Leadership Development at Assumption Catholic Church, The Metropolitan Organization (TMO)
Reflecting on an independent study of the long-term job training program on which Capital IDEA-Houston is modeled, Houston Chronicle business columnist Chris Tomlinson writes that:
"Programs to train low-skilled, underemployed adults to move up the economic ladder are notoriously ineffective, but Project Quest in San Antonio has hit on a formula with a now-proven track record....
Marc Elliott, CEO of Economic Mobility Corp, asserts that “to see earning differences this large and for this long is unprecedented in the workforce development field.” Economic Mobility is the organization that conducted the nine-year evaluation.
Capital IDEA-Houston, which was established by TMO, is modeled on Project QUEST. In right-side photos above, trainees learn to conduct PERRLA evaluations and cradle newborns. [Photo Credit: Jerry Lara, San Antonio Express-News]
San Antonio Program Moves Low-Skilled into Middle Class, Houston Chronicle [pdf]
Nine Year Gains: Project QUEST's Continuing Impact, Economic Mobility Corporation [pdf]
TMO and Texas IAF Leaders Push Legislative Committee to Delay Vote on Extreme Payday Lending Proposal
Rev. Darrell Lewis from The Metropolitan Organization (TMO) and Rev. Olin Knudsen from Dallas Area Interfaith (DAI) testified before the House Pensions, Investments & Financial Services Committee to oppose House Bill 3292. Both pastors argued that payday loans are immoral and spoke of how predatory loans trap families in their congregations in vicious cycles of debt.
House Bill 3292 Fact Sheet, Texas Fair Lending Alliance
After a morning briefing on school finance, the Texas Innovative Career Education (ACE) program and other issues -- including healthcare, payday lending, and infrastructure in the colonias -- leaders were honored for their establishment of noteworthy labor market intermediaries, including Capital IDEA-Houston. Immediately afterward, they convened on the South Capitol steps. Legislators representing districts from across the state stood in solidarity with leaders and pledged to continue working for investments in people.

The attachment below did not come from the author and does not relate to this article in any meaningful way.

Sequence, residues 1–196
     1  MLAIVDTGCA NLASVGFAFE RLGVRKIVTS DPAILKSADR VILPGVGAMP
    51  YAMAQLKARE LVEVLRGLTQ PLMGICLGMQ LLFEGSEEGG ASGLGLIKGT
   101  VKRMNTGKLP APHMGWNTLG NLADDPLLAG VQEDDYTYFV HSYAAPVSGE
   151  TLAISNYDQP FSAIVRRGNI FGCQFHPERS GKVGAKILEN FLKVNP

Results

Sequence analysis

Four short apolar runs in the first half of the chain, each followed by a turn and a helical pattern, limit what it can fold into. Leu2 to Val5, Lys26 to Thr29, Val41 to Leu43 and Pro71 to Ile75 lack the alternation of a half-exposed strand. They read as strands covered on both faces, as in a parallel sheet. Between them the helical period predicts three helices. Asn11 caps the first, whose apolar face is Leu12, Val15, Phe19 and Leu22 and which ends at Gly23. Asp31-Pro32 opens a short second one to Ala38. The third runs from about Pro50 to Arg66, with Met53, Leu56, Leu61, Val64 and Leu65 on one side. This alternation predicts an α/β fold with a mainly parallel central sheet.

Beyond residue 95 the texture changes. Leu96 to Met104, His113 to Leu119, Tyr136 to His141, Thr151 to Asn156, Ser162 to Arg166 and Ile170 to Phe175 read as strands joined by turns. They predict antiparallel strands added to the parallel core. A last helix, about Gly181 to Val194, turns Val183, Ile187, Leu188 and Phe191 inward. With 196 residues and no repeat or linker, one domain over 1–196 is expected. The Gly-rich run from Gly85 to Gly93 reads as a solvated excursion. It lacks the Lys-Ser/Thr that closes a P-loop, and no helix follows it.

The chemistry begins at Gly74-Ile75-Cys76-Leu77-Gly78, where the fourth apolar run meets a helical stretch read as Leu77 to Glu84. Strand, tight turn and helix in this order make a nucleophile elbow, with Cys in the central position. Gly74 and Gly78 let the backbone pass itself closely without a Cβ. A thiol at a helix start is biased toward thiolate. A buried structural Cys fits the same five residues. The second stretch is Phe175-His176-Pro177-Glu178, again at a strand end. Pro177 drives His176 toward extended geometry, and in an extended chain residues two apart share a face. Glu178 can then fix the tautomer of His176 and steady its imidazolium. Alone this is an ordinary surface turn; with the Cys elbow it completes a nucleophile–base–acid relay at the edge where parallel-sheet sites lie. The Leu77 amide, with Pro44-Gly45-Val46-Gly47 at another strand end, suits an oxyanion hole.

In photo above, the Rev. Dr. Rhenel Johnson is accompanies by TMO leaders and leaders from sister organizations, including Dallas Area Interfaith (DAI), San Antonio (COPS/Metro), Central Texas / Austin Interfaith, West Texas Organizing Strategy (WTOS), El Paso's Border Interfaith & EPISO, and the Rio Grande Valley (Valley Interfaith).
After the press conference, leaders broke out into smaller delegations to meet with legislators representing their geographic regions.
Organizations Call On State Legislators to Support Adult Education, Univision 62 [Spanish video]
Minister Jaqueline Hailey of New Hope Baptist Church and TMO testified with Fr. Miles Brandon of St Julian of Norwich Episcopal Church and Central TX Interfaith on behalf of the Network of Texas IAF Organizations at the Texas House Public Education Committee hearing on school finance.
The Network of Texas IAF Organizations is calling on legislators to 'invest in people' through increased spending on public schools and adult workforce education programs.
As the state legislature prepares to convene, local clergy and The Metropolitan Organization on Sunday held a gun control vigil at Trinity United Methodist Church. Those present spoke passionately about gun safety policies.
“Despite the fact that we’re supposed to be a first-world country, a civilized nation, a nation of laws, we continue to see the scourge of gun violence in the United States,” said Houston Police Department Chief Art Acevedo....
David Lyon, senior rabbi at Congregation Beth Israel, read an opinion piece he wrote for the Houston Chronicle in January of 2013. After every mass shooting in the years since, he has referred to the article and says he could still write it word for word. He eventually published a version for his congregation with blanks instead of the words “Sandy Hook” so that members could fill in the name of the latest disaster.
“Our purpose here is to stop filling in the blanks and change the narrative,” Lyon said.
For the Rev. Ed Jones, the pastor of Trinity United Methodist Church, the urgency of the vigil that he had been planning for months had been underscored by personal tragedy that very week.
A family member, 17-year-old Drew Conley, had been shot and killed the Monday before.
[Photo Credit: Elizabeth Conley, Houston Chronicle]
Houstonians Recall Sandy Hook Victims and Push for Gun Law Changes, Houston Chronicle
Legislators on Quest to reform Gun Laws, Houston Chronicle